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Hints for my Border Collie Puppy


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Well, Santa went berserk this Christmas and got the youngest daughter a puppy. She (the puppy) is actually 3/4 border collie and 1/4 kelpie. Chosen after very careful research, so I do have an idea what I've gotten myself into! I am mommy to all in the house, so of course the pup is probably more "mine" than my daughter's. Well, I'm in love to say the least. Star is now 4.5 months old and she already knows sit, lay down, wait, bring it, enough. We are working on stay right now. This pup learns in one or two sessions--the challenge is keeping her motivated to want to do it!

 

Anyway, I could go on all day like a proud Mama. My main question is this--when do I start training her in earnest for something? The basics are coming so quickly, but I don't want to overwhelm her, either. Not sure if agility, flyball, or herding trials is the way I should go. Also, are there any tips as to how to identify the activity your dog would excel at? finally, I know I should give her a "job"--but when? Any ideas on what her "job" should be?

 

I love this forum, thanks for having me!

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I'm working on it...please have patience with the technical idiot that I am...the home office server is down and I need to id the issue.

 

Is Merry a bc/kelpie mix? I see the ears straight up and the markings, which seem kind of like Star!

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welcome and congrats on your new addition! pictures are mandatory!!! :rolleyes:

Okay, okay! '-) I have an avatar pic now. I'll post a few others, but I don't want to wear you all out with it! Also, though I like photography as a hobby, I am having a heck of a time getting a good pic of her!

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Okay, okay! '-) I have an avatar pic now. I'll post a few others, but I don't want to wear you all out with it! Also, though I like photography as a hobby, I am having a heck of a time getting a good pic of her!

What else do you need to know? We live near Denton, Texas on 1 acre. No livestock--just a really big yard. I work part-time, and mostly from home. So, it's no wonder the pup and I have bonded so well. Star comes from a ranch in Valley View. Saw her mother and uncle working and they were quite impressive, even to my ignorant eye. Absolutely nothing at all was asked of her and she was almost entirely outdoors (only in in foul weather in an unheated trailer on the ranch). I think this history is causing house training to come a long a little more slowly than it might otherwise, but she is making good progress.

 

I have two daughters, age 8 and 10 and a wonderful husband of 17 years. We also have a 10 year old hound/gsp mix named Seven. that we rescued as a pup. She is the best dog in the world and is loving Star. She has picked up and played with toys she hasn't touched for over 5 years (mostly playing tug and "keep away" with the puppy). Our cat, Lady, is almost 19 and is completely under-impressed with the puppy. If cats could roll their eyes, she would.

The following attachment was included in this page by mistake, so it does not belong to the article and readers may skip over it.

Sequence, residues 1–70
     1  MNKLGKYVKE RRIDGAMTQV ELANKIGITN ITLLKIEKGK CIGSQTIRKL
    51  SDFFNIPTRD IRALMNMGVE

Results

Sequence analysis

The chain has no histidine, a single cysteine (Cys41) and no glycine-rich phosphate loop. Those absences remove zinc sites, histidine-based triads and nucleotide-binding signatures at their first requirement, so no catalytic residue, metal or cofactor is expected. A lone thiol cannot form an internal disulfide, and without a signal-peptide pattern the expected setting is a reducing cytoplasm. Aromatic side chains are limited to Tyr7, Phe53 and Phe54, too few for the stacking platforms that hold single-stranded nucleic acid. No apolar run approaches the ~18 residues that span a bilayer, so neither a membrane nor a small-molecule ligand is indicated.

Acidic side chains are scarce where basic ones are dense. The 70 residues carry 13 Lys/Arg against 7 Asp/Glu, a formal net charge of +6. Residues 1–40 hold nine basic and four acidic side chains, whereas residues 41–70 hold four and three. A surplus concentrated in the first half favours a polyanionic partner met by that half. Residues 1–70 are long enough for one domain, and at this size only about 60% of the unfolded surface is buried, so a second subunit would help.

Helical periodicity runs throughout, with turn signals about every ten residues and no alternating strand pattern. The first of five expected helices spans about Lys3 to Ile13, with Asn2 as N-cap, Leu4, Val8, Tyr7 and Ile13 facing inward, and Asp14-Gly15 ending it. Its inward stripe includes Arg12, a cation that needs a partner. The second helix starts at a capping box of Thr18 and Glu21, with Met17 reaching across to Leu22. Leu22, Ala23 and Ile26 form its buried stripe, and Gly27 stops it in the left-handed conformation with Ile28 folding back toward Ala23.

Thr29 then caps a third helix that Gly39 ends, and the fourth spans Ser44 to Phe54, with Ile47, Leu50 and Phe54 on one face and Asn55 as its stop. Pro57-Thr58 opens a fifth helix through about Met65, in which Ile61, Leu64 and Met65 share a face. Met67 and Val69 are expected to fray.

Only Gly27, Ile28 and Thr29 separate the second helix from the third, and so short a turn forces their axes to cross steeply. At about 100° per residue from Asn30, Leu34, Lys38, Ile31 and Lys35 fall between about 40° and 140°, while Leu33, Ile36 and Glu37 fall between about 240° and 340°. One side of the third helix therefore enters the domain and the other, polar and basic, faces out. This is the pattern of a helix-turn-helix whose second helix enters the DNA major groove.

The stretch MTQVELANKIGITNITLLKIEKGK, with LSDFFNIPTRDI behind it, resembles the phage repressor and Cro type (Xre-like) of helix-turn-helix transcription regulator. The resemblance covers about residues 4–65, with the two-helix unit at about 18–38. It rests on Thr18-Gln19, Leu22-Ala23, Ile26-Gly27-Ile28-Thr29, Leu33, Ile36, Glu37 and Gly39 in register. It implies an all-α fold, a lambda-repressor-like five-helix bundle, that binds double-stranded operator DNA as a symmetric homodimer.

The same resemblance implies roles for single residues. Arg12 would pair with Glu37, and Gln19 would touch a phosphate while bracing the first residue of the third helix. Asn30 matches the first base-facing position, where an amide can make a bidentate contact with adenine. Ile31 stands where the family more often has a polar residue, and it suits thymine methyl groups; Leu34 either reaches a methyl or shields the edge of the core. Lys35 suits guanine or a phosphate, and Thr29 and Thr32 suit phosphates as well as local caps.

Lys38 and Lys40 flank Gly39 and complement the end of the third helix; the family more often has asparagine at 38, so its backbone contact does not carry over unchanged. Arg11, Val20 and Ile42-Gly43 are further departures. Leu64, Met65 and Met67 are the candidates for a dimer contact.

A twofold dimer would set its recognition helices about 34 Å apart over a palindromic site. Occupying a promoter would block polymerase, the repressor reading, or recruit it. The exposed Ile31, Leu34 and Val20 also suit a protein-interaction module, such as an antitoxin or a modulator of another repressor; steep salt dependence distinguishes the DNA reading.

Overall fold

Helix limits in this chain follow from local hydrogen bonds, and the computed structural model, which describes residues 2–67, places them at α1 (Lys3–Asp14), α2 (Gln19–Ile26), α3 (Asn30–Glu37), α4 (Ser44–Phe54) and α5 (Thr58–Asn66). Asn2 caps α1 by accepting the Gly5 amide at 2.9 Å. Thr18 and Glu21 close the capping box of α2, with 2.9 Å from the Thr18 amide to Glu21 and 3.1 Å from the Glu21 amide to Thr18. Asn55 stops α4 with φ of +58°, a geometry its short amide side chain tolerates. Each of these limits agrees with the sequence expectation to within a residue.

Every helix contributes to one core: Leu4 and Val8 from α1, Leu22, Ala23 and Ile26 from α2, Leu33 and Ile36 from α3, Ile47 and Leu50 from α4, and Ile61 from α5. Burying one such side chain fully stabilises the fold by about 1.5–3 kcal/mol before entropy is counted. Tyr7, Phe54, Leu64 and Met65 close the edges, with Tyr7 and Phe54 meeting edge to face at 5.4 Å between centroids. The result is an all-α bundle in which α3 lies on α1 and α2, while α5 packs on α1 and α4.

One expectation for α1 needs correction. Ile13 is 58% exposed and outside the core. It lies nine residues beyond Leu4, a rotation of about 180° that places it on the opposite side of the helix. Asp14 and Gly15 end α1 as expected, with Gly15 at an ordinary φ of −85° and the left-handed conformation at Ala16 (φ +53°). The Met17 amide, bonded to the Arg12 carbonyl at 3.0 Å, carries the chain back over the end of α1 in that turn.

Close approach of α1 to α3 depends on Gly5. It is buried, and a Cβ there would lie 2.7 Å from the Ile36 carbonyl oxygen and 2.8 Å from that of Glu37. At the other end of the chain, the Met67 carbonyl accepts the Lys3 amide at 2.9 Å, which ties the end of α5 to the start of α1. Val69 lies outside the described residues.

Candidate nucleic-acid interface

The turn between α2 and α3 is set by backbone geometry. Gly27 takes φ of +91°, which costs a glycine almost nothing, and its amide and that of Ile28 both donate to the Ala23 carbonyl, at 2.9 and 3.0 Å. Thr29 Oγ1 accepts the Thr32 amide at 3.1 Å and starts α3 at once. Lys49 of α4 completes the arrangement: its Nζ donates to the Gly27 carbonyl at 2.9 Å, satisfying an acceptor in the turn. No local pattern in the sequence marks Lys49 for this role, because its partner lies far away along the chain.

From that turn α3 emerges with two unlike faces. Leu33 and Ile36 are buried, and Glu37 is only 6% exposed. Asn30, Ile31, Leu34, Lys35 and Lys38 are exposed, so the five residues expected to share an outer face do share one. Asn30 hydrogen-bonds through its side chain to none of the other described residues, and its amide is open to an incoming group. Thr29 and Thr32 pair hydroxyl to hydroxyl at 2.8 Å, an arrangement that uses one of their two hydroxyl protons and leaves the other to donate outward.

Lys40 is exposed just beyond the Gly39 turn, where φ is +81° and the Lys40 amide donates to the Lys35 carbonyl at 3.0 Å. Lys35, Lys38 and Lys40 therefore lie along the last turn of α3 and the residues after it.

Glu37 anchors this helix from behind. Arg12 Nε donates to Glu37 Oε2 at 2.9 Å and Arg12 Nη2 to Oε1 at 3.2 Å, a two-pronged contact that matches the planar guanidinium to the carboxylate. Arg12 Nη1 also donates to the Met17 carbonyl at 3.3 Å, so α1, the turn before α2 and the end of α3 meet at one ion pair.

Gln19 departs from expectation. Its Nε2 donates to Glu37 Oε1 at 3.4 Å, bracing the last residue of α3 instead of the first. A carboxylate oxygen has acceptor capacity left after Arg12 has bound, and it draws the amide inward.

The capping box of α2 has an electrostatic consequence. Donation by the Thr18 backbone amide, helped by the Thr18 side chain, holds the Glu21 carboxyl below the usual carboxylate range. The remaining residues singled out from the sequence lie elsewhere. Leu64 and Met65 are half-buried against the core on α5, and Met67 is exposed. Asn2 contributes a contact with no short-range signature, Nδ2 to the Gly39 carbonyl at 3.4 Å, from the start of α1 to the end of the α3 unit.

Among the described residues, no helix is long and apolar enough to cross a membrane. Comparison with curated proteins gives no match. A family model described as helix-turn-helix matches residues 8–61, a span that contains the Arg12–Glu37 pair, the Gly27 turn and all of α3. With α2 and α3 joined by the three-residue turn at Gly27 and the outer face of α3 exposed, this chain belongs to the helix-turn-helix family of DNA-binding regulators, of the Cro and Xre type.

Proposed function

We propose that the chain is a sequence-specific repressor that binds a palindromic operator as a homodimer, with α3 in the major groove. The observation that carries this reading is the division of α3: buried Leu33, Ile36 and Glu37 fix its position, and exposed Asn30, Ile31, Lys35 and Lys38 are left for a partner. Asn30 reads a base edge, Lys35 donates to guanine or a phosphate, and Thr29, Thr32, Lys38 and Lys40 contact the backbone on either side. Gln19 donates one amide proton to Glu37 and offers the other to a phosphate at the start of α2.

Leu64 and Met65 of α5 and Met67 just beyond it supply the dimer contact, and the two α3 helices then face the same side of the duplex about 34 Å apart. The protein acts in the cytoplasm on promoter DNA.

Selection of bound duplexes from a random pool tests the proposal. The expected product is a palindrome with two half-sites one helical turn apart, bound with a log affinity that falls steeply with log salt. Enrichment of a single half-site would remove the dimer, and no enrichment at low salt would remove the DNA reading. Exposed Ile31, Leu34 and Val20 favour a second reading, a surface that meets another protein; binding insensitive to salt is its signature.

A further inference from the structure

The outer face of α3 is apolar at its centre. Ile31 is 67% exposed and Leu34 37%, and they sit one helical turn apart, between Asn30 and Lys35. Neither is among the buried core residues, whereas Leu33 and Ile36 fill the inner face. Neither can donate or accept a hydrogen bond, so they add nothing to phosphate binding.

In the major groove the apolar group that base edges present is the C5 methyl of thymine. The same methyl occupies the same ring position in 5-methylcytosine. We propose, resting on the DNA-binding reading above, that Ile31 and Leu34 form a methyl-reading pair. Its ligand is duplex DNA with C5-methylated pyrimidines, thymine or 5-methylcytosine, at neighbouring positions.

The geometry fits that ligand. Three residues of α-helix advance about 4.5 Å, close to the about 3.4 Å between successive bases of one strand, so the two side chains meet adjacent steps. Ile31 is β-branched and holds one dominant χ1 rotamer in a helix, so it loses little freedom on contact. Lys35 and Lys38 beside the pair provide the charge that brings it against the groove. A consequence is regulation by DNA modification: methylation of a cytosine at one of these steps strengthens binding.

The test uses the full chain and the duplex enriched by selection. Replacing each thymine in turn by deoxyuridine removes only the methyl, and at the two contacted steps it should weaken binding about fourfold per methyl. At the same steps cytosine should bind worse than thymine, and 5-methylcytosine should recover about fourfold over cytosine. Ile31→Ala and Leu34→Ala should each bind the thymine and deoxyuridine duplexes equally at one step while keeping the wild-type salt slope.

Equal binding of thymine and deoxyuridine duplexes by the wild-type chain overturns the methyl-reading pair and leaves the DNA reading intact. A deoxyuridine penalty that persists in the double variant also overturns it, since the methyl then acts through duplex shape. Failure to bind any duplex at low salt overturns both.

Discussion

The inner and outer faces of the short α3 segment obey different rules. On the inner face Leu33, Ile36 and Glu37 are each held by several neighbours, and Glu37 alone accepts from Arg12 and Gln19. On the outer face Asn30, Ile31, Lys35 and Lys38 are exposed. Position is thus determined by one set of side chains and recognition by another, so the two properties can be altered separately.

Here's another pic on Christmas morning:

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I like to ride horses, have taught and shown hunters most of my life in my spare time. Star is terribly smart, ADHD, and clever (not always in a good way! :-)). I think that doing herding trials would be incredibly cool. Is there a way to do this if you don't have a herd of some sort? It seems there might be?

 

Another of Star--Christmas morning.

post-10937-1265410783_thumb.jpg

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Aww, thank you!

Shes cute cute cute

I was in your same boots a few months ago my BC came from Tioga incidently

 

I am no BC expert so I have searched asked and read anything I could to keep him happy

found this board just the other day THANKFULLY

I have found a few minutes of any game works well a few times a day and of course walks and fetching my guy is 10 months now but it really helped the puppyhood insanity...

 

Crate Games by Susan Garrett is his fave and no stress on joints but good mental play

Smartflix rents these DVDs for 10 bucks

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It is never too early to start training for a dog sport. There are physical limitations till they are a year old as to what they can do but there is ALOT of foundations you can do meanwhile to make them the best athlete you possibly can. I would suggest joining a club that does your required sport whether it be agility/herding or flyball. They can show you how to have a working relationship and work together as a team. As for keeping her motivated i don't understand this if you are using yummy enough treats or fun enough toys you shouldn't have to motivate them your pup should love training with you. My girls go ballistic when they see my clicker and are ready to have fun.

 

As long as she understands what is asked of her then you wouldn't be able to overwhelm her. I had my first dog before she was six month old know most of her 30+ tricks and then agility and her obedience commands. They are like children they soak up whatever you teach them. Just as long as you think she really understands each command before moving on to the next one. I am doing things slower with my newest pup who is nearly 7 months but she still has learnt alot and what she does know is rock solid. Good luck with your training, it so exciting. Soon you won't be able to wait till she's old enough to compete. I have waited nearly 19 months and now me and Myla have our first competition in 2 weeks! So exciting!